In 1990, Saatchi produced a 90-second extravaganza that included a collage comprised of more than 3,000 schoolchildren holding color-coded placards. The spot depicted a face in British Air's red, white and blue motif. On cue, the face, viewed from a helicopter overhead, was transformed into a globe, alluding to the carrier's 38-country reach. The effort was supported by a $22.5 million ad budget.
Move to M&C Saatchi
In 1995, during an acrimonious legal battle between Saatchi & Saatchi founder Maurice Saatchi and agency owner Cordiant, British Air moved its $96 million global ad account to the Saatchi brothers' breakaway shop, M&C Saatchi.
In August of that year, M&C Saatchi launched its first campaign for British Air with four British TV spots touting British Air's World Offers promotion. The campaign featured four watercolorlike cartoons, and each asked the question, "Where is everybody?" The implied response: "Everybody" had taken advantage of British Air's World Offers bargain fares program.
In 1997, British Air announced a three-year, $10 billion investment in new services, products, training and aircraft with the rollout of a TV campaign from M&C Saatchi that introduced the "Speedmarque" logo, a red, white and blue three-dimensional adaptation of British Air's former "Speedwing" logo.
In October 1997, British Airways launched a three-month, $15 million campaign from M&C Saatchi, New York, in 18 major U.S. cities that touted the airline's international reach.
After the crash of an Air France Concorde in July 2000 killed 113 shortly after takeoff from Charles de Gaulle Airport in Paris, regulators grounded the Anglo-French aircraft based on concerns that its fuel tanks could leak and catch fire if hit by ground debris. Both British Airways and Air France executives worked with investigators in Paris to find ways to keep the planes in service.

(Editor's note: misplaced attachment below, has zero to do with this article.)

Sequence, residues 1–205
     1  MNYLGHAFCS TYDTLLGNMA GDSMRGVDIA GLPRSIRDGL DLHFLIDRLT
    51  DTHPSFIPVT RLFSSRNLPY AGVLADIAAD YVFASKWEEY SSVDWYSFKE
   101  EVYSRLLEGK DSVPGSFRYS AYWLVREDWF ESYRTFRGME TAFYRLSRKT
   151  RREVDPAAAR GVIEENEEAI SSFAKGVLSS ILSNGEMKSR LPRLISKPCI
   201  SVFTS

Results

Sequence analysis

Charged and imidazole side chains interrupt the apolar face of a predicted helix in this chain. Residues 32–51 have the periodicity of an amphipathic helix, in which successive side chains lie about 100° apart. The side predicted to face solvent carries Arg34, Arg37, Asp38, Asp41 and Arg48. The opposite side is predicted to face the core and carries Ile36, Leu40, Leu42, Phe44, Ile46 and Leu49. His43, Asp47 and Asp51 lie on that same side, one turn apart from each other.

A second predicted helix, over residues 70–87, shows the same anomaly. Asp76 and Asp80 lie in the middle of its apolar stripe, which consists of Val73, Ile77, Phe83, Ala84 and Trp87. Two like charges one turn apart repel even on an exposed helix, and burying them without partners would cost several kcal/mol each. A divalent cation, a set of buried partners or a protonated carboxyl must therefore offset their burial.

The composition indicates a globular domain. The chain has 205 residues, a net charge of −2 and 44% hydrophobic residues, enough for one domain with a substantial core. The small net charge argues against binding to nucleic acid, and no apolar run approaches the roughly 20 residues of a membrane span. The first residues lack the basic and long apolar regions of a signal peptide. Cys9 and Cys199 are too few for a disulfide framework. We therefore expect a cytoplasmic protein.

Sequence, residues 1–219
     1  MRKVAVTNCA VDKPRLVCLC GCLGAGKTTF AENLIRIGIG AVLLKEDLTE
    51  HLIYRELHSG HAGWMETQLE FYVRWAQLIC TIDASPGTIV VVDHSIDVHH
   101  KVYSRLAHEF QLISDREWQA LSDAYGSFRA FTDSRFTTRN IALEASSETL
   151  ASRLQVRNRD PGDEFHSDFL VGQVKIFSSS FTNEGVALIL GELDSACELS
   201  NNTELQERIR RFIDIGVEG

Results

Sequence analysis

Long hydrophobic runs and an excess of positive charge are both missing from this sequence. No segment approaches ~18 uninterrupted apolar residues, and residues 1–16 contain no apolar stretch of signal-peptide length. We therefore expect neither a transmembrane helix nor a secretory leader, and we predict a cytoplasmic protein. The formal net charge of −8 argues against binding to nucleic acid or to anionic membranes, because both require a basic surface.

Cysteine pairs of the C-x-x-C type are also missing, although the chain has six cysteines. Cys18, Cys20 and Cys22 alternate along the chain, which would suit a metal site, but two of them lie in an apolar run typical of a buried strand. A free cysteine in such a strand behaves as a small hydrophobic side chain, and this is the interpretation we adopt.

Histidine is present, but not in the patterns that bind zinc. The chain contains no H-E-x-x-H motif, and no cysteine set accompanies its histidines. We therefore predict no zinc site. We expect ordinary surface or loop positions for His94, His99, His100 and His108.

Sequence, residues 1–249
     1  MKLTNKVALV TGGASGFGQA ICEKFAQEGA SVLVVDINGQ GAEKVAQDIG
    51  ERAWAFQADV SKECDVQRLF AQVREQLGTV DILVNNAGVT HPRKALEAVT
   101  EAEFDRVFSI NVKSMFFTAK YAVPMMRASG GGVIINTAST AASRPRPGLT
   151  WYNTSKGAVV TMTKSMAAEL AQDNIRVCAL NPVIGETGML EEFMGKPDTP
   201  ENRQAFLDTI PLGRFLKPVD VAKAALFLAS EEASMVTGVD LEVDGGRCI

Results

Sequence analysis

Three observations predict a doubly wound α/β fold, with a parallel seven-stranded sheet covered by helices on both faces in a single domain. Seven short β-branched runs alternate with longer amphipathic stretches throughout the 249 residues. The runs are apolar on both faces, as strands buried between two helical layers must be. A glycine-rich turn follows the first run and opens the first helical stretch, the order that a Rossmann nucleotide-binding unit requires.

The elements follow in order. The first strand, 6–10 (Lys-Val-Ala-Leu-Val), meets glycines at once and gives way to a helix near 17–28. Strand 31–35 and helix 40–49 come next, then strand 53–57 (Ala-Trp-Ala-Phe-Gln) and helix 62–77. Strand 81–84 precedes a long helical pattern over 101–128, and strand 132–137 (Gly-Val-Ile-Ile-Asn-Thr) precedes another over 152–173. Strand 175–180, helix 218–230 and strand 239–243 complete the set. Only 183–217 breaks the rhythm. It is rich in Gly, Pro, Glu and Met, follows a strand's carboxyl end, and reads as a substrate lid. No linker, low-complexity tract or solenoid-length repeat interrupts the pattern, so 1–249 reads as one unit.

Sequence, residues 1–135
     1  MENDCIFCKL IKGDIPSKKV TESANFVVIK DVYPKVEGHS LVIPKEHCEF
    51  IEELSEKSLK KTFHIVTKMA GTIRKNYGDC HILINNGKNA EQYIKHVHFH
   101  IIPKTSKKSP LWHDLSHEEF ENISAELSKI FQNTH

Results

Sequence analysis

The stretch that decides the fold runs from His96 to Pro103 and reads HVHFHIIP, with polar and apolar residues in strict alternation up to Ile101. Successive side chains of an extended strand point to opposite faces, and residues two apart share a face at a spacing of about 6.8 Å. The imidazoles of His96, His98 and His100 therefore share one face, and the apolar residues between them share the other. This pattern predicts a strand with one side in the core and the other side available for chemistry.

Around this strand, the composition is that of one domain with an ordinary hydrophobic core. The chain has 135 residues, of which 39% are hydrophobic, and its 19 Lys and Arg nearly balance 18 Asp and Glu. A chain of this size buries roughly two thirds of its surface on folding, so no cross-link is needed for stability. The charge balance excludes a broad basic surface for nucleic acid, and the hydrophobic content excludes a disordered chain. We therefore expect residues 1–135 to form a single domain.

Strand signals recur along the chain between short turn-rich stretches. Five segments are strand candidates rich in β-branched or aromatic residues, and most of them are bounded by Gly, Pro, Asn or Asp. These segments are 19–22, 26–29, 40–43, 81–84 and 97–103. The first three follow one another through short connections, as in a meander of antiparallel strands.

In January 2001, British Air modified its fleet of seven Concordes to include armored fuel tanks designed to prevent a repeat of the massive fuel leak that had crippled the French aircraft. Later that year, British Airways relaunched service to New York.
Like the rest of the industry, British Air suffered in the wake of the Sept. 11, 2001 terrorist attacks. CEO Rod Eddington didn’t make matters better just two months later. Mr. Eddington apparently had been troubled by actor Bruce Willis' refusal to fly to London for a premiere, prompting a broad statement about the Hollywood community to a London paper. "They want everyone to see their movies and think how big and brave they are," he was quoted as saying. "But at the first sign of trouble they cower under their beds like gutless cowards."
Virgin, British Airways' biggest competitor, responded with print ads that included Mr. Eddington's quote and Virgin’s toll-free number.
In 2004, British Airways made an integrated marketing deal with Viacom's VH1 to sponsor the second season of the buzz-heavy "Bands Reunited." The partnership included product placement in the series, a party-like-a-rock-star consumer sweepstakes and on-air, off-channel and online promotions. The deal sprang from a media buy on VH1, where British Airways had done little advertising in the past.